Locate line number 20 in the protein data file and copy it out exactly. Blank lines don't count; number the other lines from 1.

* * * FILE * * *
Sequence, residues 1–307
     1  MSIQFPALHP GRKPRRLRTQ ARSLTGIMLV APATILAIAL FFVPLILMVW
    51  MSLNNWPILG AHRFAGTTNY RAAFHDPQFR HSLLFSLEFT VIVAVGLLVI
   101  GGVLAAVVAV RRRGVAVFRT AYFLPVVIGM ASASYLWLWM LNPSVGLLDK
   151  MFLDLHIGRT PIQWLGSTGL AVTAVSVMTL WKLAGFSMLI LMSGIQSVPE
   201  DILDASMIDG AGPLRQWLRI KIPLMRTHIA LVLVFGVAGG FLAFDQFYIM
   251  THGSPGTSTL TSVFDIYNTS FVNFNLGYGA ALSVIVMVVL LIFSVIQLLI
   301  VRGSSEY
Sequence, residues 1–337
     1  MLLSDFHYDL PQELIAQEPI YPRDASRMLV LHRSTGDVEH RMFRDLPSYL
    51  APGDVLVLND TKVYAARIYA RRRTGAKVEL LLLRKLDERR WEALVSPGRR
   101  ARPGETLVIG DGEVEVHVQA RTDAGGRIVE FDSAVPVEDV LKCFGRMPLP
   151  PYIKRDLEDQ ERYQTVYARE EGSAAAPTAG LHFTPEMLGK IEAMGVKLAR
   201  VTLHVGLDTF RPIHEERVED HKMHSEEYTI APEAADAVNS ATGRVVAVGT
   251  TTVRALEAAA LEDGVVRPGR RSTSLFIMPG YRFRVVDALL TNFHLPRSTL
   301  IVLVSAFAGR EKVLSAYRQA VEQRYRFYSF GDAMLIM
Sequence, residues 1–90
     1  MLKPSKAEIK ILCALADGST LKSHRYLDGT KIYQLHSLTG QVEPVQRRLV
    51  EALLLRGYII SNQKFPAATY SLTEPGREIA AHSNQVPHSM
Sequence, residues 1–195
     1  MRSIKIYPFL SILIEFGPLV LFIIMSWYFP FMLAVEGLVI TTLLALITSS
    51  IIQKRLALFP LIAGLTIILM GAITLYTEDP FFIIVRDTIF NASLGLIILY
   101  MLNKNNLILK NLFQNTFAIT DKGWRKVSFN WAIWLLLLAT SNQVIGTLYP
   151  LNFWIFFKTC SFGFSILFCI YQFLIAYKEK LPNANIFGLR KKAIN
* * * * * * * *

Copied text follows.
Sequence, residues 1–195